Mental health is a popular topic amongst the Bates student body. There are GPAs to maintain, careers to plan, social lives to balance and an unending list of things that we tackle everyday. It can all get overwhelming, especially when emotional and physical health are in the picture; balancing everything together can be challenging and time consuming. Undeniably, our GPAs are important and the current job market is competitive. Working towards all of these goals simultaneously takes up hours. Thus, intentional mindful practice continues to be of prime importance today.
I’ve often thought that thirty minutes is too much time to dedicate to sitting quietly in one position and basically “doing nothing”—meditation never seemed as important as thirty extra minutes to edit, or even thirty extra minutes on the treadmill. However, the problem is that too many of us give mindfulness less priority than it is worth. We call it a waste of time because it might not be considered “active” in the conventional sense.
That is a myth. Mindful practices help individuals actively develop values and the strength necessary for tackling daily challenges. In a rigorous college environment amidst a hectic schedule, thirty minutes can even fall short for an effective mindful practice.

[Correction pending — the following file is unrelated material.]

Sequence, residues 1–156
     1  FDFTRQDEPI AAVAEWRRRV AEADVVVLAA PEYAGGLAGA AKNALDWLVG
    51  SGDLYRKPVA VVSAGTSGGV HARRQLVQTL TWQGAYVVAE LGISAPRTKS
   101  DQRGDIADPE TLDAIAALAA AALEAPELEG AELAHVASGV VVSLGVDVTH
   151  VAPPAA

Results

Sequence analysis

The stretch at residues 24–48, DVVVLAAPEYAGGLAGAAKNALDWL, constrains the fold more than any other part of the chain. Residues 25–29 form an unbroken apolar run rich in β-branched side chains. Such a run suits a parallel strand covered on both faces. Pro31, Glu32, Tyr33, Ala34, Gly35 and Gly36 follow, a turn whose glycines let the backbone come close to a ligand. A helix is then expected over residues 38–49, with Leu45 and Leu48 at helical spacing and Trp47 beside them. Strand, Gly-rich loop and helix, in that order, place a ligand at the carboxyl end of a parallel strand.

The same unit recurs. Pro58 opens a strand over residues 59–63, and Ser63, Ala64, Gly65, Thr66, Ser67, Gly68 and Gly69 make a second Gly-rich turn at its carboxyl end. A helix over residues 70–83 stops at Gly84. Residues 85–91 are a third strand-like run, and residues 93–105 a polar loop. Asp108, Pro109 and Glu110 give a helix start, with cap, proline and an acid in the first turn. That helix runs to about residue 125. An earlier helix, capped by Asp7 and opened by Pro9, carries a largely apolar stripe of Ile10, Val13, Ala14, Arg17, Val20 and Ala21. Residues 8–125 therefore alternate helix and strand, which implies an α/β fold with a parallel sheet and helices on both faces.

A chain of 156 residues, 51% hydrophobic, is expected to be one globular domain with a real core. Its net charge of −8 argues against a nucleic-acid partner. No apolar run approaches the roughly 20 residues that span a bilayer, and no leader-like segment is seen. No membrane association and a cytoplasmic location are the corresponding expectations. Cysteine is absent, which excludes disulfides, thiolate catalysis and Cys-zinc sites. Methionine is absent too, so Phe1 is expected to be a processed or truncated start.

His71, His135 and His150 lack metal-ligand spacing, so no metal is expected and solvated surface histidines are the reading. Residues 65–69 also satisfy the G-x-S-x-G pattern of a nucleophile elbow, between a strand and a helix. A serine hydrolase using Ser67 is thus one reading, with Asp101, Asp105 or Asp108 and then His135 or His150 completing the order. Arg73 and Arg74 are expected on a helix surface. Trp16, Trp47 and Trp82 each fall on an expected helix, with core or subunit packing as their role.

It is so easy to get lost in anxiety and stress when deadlines are approaching or internships feel impossible to land. We feel competitive, especially when social media constantly informs us of how everyone else is doing. These phenomena usher in subconscious thoughts of inferiority, apocalyptic conclusions, envy, fear, and pain. In the midst of all that, finding compassion and happiness is difficult. However, compassion is key for a healthy mind set, and self-compassion is essential for overall happiness; compassion combats stress. Therefore, an intentional practice of compassion blocks anxiety.
Unfortunately, our schedules rarely allow time to develop self-compassion—that is, unless time is intentionally set aside to do so. Finding time to practice self-care in a mindful context is more important as one gets busier: increased deadlines breed increased anxiety. Higher performance-expectations imply more work. The more daunting your life gets, the less time you have. Yet work only increases.
Any of several mindful methods, such as yoga or meditation, are imperative for better mental and overall health. A simple yoga routine is similar to exercise: it forces the mind to disconnect and focus on the body’s movement. Meditation builds on positive values like empathy and courage. Both are mindful practices, but neither are usually prioritized. Without an allotted time for self-care, most of us forget to actively practice compassion or build self-worth. As college students, we tend to place it below work and social life. But our schoolwork and social lives can only be successfully managed when experienced from a healthy standpoint.
Anxiety, fear and doubt are powerful enough to subtract from our happiness and calmness levels. Mindful practices increase happiness. They give us the space to develop like interpersonal skills, mental clarity, self-love, and positive drive. Regardless of workload, time scheduled for intentional self-care is not only helpful, it’s essential.